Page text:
Thread: TICKS
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Old 06-30-2017, 03:05 PM   #1
The future is unwritten
Join Date: Oct 2002
Posts: 63,088

Scientists who study ticks saw this year coming. Two years ago, I was walking through the forest with biologist Richard Ostfeld as he hunted for ticks (“Oh, I have an adult! Fantastic!”) when he warned me that 2017 was going to be really bad. That’s because 2015 was a “mast year,” when trees produce a ton of acorns. (Plant biologists are still figuring out how and why trees decide to mast.) The year after a mast year, the acorn-gnawing mouse population booms, and then the year after that—i.e., right now—the mouse blood–sucking tick population goes bonkers. Mice are also among the most important hosts for Lyme disease, the most common tick-borne disease in the country, so 2017 is likely to be a doozy for Lyme. (There are other dangerous and weird tick-borne diseases, many of which are becoming more prevalent.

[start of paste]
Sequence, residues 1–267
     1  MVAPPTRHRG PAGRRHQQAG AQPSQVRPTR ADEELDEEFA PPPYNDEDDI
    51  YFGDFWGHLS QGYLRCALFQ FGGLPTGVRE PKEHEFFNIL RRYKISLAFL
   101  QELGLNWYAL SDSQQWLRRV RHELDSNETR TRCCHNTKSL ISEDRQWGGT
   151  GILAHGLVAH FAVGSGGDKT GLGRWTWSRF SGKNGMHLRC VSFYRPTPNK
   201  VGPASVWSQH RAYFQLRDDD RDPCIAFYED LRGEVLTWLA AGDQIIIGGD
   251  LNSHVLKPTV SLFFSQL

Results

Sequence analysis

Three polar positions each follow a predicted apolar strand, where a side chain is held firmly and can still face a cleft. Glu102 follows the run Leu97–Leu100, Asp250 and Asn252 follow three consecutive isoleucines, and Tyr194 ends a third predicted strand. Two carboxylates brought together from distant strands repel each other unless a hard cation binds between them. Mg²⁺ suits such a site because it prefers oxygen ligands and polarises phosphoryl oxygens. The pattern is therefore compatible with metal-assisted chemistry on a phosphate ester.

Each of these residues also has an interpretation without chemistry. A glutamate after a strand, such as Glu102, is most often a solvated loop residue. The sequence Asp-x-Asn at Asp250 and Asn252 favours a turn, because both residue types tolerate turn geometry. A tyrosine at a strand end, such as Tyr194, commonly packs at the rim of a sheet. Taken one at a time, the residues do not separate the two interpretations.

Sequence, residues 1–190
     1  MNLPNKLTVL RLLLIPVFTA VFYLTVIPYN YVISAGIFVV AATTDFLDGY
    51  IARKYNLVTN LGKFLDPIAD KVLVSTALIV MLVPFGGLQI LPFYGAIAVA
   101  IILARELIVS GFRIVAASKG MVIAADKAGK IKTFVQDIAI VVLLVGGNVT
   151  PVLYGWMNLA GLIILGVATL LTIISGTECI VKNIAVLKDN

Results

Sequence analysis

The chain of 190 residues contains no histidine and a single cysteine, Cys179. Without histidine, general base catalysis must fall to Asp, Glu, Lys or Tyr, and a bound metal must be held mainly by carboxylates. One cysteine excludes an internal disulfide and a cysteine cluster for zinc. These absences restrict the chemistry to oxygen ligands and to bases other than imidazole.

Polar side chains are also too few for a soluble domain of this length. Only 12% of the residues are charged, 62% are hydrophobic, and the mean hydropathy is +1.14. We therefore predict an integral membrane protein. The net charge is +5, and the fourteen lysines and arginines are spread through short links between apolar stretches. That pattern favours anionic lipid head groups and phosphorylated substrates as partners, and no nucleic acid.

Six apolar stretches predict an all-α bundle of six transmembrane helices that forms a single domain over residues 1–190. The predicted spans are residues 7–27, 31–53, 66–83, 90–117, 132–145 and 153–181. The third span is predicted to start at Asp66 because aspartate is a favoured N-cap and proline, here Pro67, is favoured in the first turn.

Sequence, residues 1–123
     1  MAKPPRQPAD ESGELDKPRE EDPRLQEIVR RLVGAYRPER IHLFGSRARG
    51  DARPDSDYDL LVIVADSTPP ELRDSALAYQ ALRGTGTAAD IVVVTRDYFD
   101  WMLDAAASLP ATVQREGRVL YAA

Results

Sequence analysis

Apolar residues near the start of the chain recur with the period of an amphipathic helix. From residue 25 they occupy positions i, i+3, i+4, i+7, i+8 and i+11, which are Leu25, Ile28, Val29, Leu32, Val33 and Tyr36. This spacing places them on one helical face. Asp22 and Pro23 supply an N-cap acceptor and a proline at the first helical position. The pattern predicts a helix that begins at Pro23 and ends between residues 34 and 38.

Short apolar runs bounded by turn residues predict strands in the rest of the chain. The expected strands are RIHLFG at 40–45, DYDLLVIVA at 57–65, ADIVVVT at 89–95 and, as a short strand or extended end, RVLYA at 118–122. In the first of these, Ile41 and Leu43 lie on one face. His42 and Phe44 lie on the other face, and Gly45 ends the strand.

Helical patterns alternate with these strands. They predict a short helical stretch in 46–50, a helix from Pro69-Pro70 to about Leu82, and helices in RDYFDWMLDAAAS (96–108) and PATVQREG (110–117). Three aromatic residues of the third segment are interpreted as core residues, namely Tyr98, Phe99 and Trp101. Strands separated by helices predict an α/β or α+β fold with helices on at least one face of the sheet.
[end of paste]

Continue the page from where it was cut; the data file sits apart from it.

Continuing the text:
Usually they take 12 to 24 hours attached to transmit nasty diseases, but powassan virus in as little as 15 minutes.

Permethrin is the Google of Insect Repellents.

And permethrin works—way better than regular insect repellants. That’s because permethrin a) not only repels but also kills ticks on contact and b) lasts a long time. When you get your clothes treated professionally, as I do, they are tick-proof for 70 washes. If you treat them yourself, they’re protected for five or six washes. Some research suggests that DEET, on the other hand, starts losing its tick-repelling power within two hours of application. (Don’t get me wrong, DEET is absolutely, positively better than nothing.)
get ticked off !
Everything is interesting... look closer.
xoxoxoBruce is offline   Reply With Quote